This sounds very much like an unapologetic confession of a corporate decision to commit murder and other atrocities against “representatives of destruction” (labor organizers and activists).
What strategies exist to hold multinational corporations accountable for their subsidiary activities in many countries? One model that might be considered is a human rights analog to the Foreign Corrupt Practices Act. The FCPA was enacted in 1977 to create significant legal penalties against bribery and other corrupt practices in the conduct of international business (link), and the legislation has had significant effect on the practice of international business. Could we imagine an analogous set of laws and regulations that held corporate officers in multinational corporations legally responsible for crimes against humanity committed by agents of their international subsidiaries? And could such an enactment also provide for reasonably direct civil suits in US courts by foreign individuals in compensation for the damages they have suffered? A legal framework like this would present a new and behaviorally significant constraint on corporate crimes against humanity in other countries.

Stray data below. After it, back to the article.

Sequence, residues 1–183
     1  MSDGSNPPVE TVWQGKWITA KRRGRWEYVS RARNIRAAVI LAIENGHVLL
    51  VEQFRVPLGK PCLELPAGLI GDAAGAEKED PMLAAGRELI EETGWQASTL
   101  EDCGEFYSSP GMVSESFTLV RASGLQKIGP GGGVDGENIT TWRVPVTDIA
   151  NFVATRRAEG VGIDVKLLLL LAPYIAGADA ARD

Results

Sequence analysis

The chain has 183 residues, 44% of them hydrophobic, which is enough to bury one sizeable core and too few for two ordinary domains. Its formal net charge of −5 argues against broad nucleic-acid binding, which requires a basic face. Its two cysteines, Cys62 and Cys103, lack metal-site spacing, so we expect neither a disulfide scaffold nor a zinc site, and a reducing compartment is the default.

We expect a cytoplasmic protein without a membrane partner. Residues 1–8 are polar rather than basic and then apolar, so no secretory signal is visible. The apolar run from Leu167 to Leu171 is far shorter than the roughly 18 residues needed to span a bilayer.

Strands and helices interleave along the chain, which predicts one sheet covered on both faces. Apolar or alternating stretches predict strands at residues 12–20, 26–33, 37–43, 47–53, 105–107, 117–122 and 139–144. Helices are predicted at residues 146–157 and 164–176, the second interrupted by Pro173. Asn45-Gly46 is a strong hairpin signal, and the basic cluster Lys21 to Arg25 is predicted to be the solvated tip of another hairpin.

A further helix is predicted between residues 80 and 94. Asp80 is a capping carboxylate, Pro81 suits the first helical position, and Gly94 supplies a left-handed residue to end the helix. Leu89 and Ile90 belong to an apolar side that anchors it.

Ford Motor Company opened its archives in 1998 in order to demonstrate its lack of control of Ford Werke and its non-culpability for Ford Werke’s use of forced labor. A similar level of transparency should have been demanded with regard to Ford’s conduct during Argentina’s military dictatorship.
(Here is a revealing article by Rut Diamint in The Conversation about the involvement of the US government in the dirty war in Argentina; link.)